How Trump Could Still Win (but probably won’t)
President Trump’s path to a reelection victory has narrowed but also solidified. His odds are low(recession, mismanaged pandemic, terribly managed campaign, and a candidate that struggles to stay on message/is an asshole). Still, he has a clear path — and some genuine advantages.
What’s Trump’s path?
The states that are generally considered “battleground” or potential battleground states are mostly state’s Trump won in 2016 but include some states where Republicans are on offense. Trump can afford to lose 36 electoral votes from his 2016 electoral map (see below). Here are the battlegrounds:
- WI, MI, AZ, PA, NC, OH, FL: These are 6 states that Trump won in 2016 — if any 3 of them flip to Joe Biden, we’re looking at no candidate at 270 or a Biden win.
- MN, NV, NH: Trump is on offense in these states. However, polling averages have Biden opening up an average of a 7.5% lead in Minnesota, making it unlikely Trump can pick MN up. NV is slightly closer from an average perspective at 6.3%, and New Hampshire was once thought to be competitive and is seemingly safe for Biden now with an 11.6% lead.
- TX, GA, ME-2, IA: Not as often mentioned battlegrounds that need to be considered are Maine’s 2nd District, Iowa, Texas, and Georgia (which I previously wrote about). Texas is the most important of those states with 38 electoral votes, and Trump has maintained a narrow polling lead in the state. However, Georgia may be the most likely of the three to flip.
For Trump to win, he can’t afford to lose Georgia or Texas. He needs to win Minnesota or Nevada(looking unlikely) while holding at least 4 of Wisconsin, Michigan, Arizona, Pennsylvania, North Carolina, Ohio, and Florida. Based on polling averages, Trump is down 7.5+ points in Michigan, Wisconsin, and Minnesota, significantly narrowing his path.
Not flipping Minnesota and expecting to lose Wisconsin and Michigan — all of which seems very likely, forces team Trump to successfully defend the expanded battleground states of Iowa, Texas, Georgia plus PA, AZ, OH, NC, and FL. Losing any of FL, OH, NC, or PA without gains elsewhere would mean a Biden win, and Arizona flipping blue would mean an electoral deadlock if Trump can also hold onto Maine’s 2nd District for their one electoral vote(not a guarantee — 538’s polling average has Biden with just a 2.3% lead).
While the path is narrowing and the odds are against him, Trump has a very real shot at winning and would likely retain the presidency in the case of a deadlock. All he has to do is hold onto a few states — he and his campaign know this, and they’re focused on winning there at all costs.
What advantages does Team Trump have?
Republicans have some major advantages in many of the most important battlegrounds of the 2020 election that may prove decisive in tipping close elections:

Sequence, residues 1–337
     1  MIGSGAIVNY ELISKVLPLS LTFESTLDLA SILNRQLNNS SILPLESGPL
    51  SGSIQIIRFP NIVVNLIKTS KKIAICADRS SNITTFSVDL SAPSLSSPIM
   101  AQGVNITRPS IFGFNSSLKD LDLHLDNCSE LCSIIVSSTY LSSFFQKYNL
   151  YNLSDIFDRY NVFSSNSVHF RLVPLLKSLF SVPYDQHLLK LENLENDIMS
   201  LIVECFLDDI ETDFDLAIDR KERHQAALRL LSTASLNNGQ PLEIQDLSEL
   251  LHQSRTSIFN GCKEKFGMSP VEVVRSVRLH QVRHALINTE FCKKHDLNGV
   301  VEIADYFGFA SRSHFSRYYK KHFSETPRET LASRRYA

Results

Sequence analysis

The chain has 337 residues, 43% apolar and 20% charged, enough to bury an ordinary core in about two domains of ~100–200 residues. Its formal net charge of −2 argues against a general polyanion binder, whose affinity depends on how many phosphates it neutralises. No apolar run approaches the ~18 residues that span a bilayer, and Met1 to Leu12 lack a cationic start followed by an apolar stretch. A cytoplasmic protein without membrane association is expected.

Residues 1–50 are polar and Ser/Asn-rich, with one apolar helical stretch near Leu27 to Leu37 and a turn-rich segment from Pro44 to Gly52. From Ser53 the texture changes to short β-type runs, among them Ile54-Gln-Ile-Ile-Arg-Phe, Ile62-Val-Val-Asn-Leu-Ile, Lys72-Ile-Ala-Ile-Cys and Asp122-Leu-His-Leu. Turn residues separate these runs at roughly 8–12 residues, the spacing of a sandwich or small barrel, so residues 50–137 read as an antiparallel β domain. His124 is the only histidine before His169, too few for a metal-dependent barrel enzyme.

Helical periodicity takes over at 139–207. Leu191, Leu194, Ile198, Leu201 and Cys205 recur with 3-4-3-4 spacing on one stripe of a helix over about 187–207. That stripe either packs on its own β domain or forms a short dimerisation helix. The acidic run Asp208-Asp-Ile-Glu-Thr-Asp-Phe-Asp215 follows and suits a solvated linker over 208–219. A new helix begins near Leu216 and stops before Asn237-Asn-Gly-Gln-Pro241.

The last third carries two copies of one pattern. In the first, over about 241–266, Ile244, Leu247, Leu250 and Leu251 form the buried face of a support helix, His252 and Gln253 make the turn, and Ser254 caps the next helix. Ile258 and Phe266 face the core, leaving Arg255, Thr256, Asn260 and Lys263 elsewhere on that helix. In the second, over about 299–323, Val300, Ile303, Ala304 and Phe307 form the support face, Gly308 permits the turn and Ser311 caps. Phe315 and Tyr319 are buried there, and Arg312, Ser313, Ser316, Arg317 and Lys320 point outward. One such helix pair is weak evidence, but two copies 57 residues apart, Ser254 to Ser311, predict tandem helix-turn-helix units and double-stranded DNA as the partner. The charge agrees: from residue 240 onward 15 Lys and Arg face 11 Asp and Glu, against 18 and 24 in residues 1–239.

- The electoral map means that while Trump is certain to lose the popular vote, he could survive an up to 8 points national loss if he can shore up support in key states.
- Rock-solid base and high approval ratings with Republicans (94% in the most recent Gallup poll) mean that the core of Trump’s support is solid. He can be very competitive in states even when losing the ad spending battle as he is in some key states. Trump’s main political skill is firing up his base, and he’s all in on doing so again in 2020.
- Excellent ground game: an underrated part of Trump’s 2016 victory was their unconventional and successful ground game. The 2016 Trump campaign excelled at targeted communications with key groups. It used an under the radar digital effort and field(knocking on doors, phone calls, canvassing events, etc.) in key states to sway and turnout low-frequency voters. This advantage has been exacerbated by Republican’s tendency to continue with field operations during the COVID-19 pandemic while many Democrats shut their’s down.
“We were plowing the fields and they weren’t out there,” said Christopher Nicholas, a longtime Republican political consultant in Pennsylvania. “The Democratic groups didn’t get back on the street until Labor Day. They were more skittish about it.”
- Improving GOP voter registration numbers in key states: One of the big knocks on Joe Biden coming out of the Democratic primaries was that he didn’t have the ground game and volunteer enthusiasm of primary opponents such as Bernie Sanders, Elizabeth Warren, or Pete Buttigieg. The Biden campaign’s decision to shut down door-knocking and other parts of their field operation for staff and voter safety during the COVID-19 pandemic further increased Trump’s ground game advantage. This had led to an edge in new voter registrations for Republicans in many key states, especially in Florida, North Carolina, and Pennsylvania — all keys to a potential Trump victory. Florida is particularly concerning for Democrats where their lead in registered voters has lowered to the narrowest lead in state history, just a 134,242-voter advantage over the GOP out of 14.4 million registered voters.